The rich get richer; the poor get poorer.
You don’t hear us complaining about it…but others surely will. One of the big struggles in the world of politics has always been between those who have and those who have not…between equality of opportunity and equality of results…between the upper classes and the lower ones…between the patricians and the plebes…the elites and the yahoos. The elites always come up with a theory – divine right, social contract, communism, democratic capitalism – which keeps the masses quiet for a while. But then, times get tough and the mob goes sour. The lumps start asking for a New Deal or a Revolution. At that point, they usually don’t want just money…they want blood.
Of course, we’re still a long way from there.
Still, you have to wonder how long the proles will continue to believe in a system that gives them less and less, relatively. If modern American capitalism is the gold mine most people think it is, a lot of people are getting nothing but the shaft.
First, we note that the U.S. trade deficit rose 10% in March to its highest level since September. At nearly $64 billion, Americans are still spending $2 billion PER DAY more than they make – on a global basis. They make up the shortfall, as we all know, with debt. Corporate debt. Government debt. And private debt.
But one group that is relatively debt free is the wealthy. They don’t need to borrow – they’re getting rich and lovin’ it.
Floyd Norris, in the International Herald Tribune, reports that NY bars and restaurants can barely keep up with demand for champagne at $350 a bottle…and one brand sells at $1,600. It’s not unusual, apparently, for a single table to spend $12,000 on liquor in an evening.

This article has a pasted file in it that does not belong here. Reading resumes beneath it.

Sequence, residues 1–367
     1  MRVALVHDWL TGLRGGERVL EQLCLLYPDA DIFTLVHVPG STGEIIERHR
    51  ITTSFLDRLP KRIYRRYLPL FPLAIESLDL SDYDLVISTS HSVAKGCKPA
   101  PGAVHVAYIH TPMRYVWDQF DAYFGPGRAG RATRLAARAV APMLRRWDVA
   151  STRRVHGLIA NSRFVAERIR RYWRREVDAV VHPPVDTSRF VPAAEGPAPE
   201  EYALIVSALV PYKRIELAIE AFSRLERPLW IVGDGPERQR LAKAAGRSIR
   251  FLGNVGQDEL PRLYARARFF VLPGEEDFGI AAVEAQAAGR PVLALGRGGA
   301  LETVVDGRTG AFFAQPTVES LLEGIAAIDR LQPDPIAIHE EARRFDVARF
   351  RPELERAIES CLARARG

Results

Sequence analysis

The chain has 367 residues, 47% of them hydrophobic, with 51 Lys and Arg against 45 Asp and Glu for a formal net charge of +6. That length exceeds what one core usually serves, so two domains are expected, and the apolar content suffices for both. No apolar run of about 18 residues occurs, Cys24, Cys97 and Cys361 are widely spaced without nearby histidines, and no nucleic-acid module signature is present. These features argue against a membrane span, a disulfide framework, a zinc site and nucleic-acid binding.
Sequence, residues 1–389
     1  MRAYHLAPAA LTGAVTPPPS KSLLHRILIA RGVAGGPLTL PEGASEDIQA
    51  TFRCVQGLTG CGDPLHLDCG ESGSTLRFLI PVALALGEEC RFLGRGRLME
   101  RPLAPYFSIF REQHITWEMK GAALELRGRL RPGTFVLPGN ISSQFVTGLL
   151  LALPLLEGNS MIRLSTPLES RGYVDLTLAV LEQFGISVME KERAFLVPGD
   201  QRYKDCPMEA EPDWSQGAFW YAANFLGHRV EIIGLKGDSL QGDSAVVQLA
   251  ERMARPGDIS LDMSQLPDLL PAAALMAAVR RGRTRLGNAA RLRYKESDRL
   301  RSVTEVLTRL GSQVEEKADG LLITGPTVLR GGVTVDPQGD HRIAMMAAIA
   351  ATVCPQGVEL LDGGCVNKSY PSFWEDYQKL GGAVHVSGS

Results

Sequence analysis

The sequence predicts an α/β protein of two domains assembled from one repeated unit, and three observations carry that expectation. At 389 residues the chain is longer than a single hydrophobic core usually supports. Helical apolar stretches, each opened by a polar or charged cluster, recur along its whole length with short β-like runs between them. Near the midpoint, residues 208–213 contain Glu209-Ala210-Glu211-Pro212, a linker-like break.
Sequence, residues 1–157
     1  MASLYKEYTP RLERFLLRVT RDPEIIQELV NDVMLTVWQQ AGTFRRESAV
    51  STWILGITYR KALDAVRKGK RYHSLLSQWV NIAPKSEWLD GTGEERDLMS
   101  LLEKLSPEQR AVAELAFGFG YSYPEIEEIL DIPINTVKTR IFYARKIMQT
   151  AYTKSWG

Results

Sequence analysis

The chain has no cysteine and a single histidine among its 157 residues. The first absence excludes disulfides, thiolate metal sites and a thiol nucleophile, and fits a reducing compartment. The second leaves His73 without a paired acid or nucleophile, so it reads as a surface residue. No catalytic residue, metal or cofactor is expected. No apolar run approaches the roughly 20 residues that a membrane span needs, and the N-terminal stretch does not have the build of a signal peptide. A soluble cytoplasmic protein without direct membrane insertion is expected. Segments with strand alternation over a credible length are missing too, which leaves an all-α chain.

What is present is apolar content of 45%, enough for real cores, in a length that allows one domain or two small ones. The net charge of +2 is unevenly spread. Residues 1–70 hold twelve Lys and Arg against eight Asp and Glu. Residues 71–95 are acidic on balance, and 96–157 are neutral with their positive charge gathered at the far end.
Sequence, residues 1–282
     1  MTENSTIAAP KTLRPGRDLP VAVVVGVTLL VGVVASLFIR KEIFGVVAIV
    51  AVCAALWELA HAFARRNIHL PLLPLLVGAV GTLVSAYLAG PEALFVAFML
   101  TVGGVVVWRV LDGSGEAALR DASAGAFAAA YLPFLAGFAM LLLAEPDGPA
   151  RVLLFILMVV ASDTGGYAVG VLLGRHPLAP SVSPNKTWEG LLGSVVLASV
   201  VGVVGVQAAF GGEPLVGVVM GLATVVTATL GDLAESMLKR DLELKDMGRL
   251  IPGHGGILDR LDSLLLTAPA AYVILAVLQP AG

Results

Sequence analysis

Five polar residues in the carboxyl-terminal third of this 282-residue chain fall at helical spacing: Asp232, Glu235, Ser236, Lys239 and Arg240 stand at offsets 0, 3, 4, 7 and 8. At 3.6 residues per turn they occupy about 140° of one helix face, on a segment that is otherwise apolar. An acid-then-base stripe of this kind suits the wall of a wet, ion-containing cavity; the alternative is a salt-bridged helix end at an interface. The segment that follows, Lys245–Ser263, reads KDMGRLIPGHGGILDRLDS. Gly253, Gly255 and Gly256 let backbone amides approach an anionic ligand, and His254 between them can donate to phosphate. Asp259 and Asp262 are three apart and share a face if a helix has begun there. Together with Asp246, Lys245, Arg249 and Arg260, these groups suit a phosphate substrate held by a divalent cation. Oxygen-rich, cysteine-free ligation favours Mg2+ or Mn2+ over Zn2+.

He notes that one of the achievements of American capitalism of which we were once most proud, was the fact that it gave the ordinary working stiff a bigger share of business earnings by, as Peter Drucker put it 30 years ago, “the steady narrowing of the income gap between the ‘boss man’ and the ‘working man.'”
As productivity improved, working-class wages went up, while there was no particular need to increase executive salaries.
But that was a long time ago. Now, productivity rises – and the boss men get the extra dough.
This from the BBC:
“After growing at more than 3% a year in 2004 and 2005, the pace picked up to a blistering 5.6% annual rate in the first quarter of this year – although the pace has since then slipped back to 2.9%.
“So far, though, little of that growth has translated into the hands of the average worker, according to new research from the Economic Policy Institute (EPI).
“For real household incomes, the median point – the level at which half of households earn more and half less – has actually fallen over the past five years.
“During the five years from 2000 to 2005, the U.S. economy grew in size from $9.8 trillion to $11.2 trillion, an increase in real terms of 14%.
“Productivity – the measure of the output of the economy per worker employed – grew even more strongly, by 16.6%.
“But over the same period, the median family’s income slid by 2.9%, in contrast to the 11.3% gain registered in the second half of the 1990s.
“The wages of households of African or Hispanic origin fell even faster.
“And new entrants to the labour market fared particularly badly.
“Average hourly real wages for both college and high school graduates actually fell between 2000 and 2005, and fewer of the jobs they found carried benefits such as health care or company pensions.”
The BBC then helpfully asks the obvious question: If the economy grew…and most people didn’t get any more money…where did the money go? The answer:
“The share allotted to corporate profits increased sharply, from 17.7% in 2000 to 20.9% in 2005, while the share going to wages has reached a record low.
“The incomes of the top 20% have grown much faster than earnings of those at the middle or bottom of the income distribution. The income[s] of the top 1% and top 0.1% have grown particularly rapidly.
“From 1992 to 2005, the pay of chief executive officers of major companies rose by 186%.
“The equivalent figure for median hourly wages was 7.2%, leaving the ratio of CEOs’ pay to that of the average worker at 262.
In the 1960s, the comparable figure was 24.”
In other words, the ratio of the top earners to the bottom earners has risen 1000% since the Johnson administration.
Of course, it’s not polite to ask what others make. People with manners will ignore the disparity entirely. But that still leaves nearly 300 million American ready to make an issue of it.
Markets and Money